So we got all the paperwork and medical stuff done. The next hurdle was actually getting them on the plane and the flight itself.   The airlines had a weight limit of 18 lbs. per cat including the carrier.  Well, one of our two cats is a little plump and a month before the trip he and his carrier combined was 19.4 lbs.  So we had to put him through a little boot camp and diet to get him ready.  At the airport, each cat has to be carried by hand through the security machine, while his or her carrier goes through the X-ray. This was our biggest concern because we didn’t want them to bolt in the airport.

There were many days we went back and forth about whether or not to go through with it because of the cats.  Would they be okay?  Would they be different cats once we got there?   Would they cry the whole flight or get sick?  There are so many unknowns.  But the one thing we have learned and try to keep in mind with anything in life is that you can’t let fear keep you from doing something.

In the end, everything turned out fine and actually easier than we thought. At the check-in counter they just asked us their weight, they didn’t even put them on the scale.  So it turned out we could have said anything, but Micho did lose enough weight in actuality.   When we got to security, we asked if there was anyway to get around taking them out of the carrier, and they allowed one of us to go to a private room.   My hubby did that one, not me, and he has the scratches to show for it, but he said it was better than doing it out in the open.   Then on the flight they were quiet the whole trip until the last 30 minutes. One of them cried the duration of the descent.  I think his little ears were hurting as much as ours were!

This just proved to us again, if you have faith and a positive attitude that things will turn out okay.   We can’t let fears hold us back.   Now, their adjustment to our new home is a different story, I will save for another post.  But they made it.  They are officially international travelers!

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Embracing uncomfortable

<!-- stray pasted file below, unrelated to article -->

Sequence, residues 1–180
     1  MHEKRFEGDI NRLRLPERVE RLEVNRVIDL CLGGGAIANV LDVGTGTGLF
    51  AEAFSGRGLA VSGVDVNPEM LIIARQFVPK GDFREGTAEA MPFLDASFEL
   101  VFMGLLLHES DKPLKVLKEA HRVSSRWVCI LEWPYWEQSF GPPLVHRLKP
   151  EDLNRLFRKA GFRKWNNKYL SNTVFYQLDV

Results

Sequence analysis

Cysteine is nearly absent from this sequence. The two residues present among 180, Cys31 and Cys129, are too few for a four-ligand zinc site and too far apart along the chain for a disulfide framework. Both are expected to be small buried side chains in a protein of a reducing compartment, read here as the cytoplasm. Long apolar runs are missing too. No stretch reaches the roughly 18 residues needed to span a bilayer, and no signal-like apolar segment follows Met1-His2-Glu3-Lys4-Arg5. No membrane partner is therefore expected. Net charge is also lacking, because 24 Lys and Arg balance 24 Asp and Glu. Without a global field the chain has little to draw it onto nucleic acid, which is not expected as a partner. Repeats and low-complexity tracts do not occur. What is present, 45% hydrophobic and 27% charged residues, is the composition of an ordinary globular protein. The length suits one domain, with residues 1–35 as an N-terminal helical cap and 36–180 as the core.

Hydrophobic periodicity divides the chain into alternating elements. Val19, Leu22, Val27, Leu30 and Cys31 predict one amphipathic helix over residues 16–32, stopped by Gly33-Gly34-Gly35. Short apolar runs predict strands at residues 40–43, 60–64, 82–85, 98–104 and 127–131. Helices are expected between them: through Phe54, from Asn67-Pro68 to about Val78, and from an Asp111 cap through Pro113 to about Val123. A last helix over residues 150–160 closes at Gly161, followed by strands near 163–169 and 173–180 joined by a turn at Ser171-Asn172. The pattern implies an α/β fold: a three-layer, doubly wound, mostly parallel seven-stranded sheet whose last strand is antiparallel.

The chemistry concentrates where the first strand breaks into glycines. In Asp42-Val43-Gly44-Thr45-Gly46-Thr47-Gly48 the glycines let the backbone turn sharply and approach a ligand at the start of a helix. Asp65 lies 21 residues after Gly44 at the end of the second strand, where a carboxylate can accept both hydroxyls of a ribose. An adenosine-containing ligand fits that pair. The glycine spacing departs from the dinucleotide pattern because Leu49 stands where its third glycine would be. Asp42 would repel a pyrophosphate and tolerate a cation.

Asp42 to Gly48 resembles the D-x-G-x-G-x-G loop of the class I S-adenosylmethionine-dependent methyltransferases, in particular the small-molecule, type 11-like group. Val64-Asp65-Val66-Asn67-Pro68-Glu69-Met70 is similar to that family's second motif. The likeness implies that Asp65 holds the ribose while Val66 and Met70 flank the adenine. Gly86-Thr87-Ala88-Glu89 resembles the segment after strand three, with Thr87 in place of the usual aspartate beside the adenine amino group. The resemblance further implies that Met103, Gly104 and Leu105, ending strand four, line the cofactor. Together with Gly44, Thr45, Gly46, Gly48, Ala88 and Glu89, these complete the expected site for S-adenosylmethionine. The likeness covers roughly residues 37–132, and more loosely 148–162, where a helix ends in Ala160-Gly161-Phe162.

Is anyone surprised when I say we are moving back to Europe? We must sound like a broken record!

We are going back to Europe so Greg can play basketball again.  Our destination is Hagen, Germany, where Greg played two years ago.   What makes this, his 8th season of professional basketball, crazier is that we are going to be taking our two cats, Zoe and Micho, and our baby girl.

You can’t believe how many people say things to me like, “Wow!   You are an amazing wife to keep doing this for Greg!” or “How do you keep putting up with this?”  I guess people don’t understand that going is just as much for me as it is for him.  While he gets to follow his dream of playing professional basketball, I get to follow my dream of living abroad and passion for travel.   I am not “putting up” with anything.

Are we excited?  Definitely!  Are we nervous? Most definitely!  The strange thing is that the part we are most nervous about is bringing the cats, not the baby.  The baby will adapt, but will our cats? It’s no easy task to bring cats overseas.  We are not only concerned about getting the right vaccinations and documents, but seeing how they will do on the plane and in their new home.  Will they howl the entire flight?   Will they be stressed about their new environment?  Cats do not like change.  They would be content to stay in the same place forever if they could.  Unfortunately, their parents (Greg and I) feel the exact opposite.  Staying in a comfortable place for too long makes us uncomfortable.

That’s our new motto, by the way.  “What’s uncomfortable now becomes comfortable later.  What’s comfortable now becomes uncomfortable later.”

Will it be difficult to leave family and friends? Yes (uncomfortable)

Will it be stressful moving our family on only 1 suitcase each? Yes (uncomfortable)

Will it be challenging to be there without a support system and dealing with a different culture/language? Yes (uncomfortable)

Anything worth doing is going to be uncomfortable at first.  But we believe that doing what you love will make you happy in the end, you just have to get through the hard work and difficult phase. The discomforts of the move far outweigh the feelings of regret we may feel later.   So for now, we are embracing uncomfortable.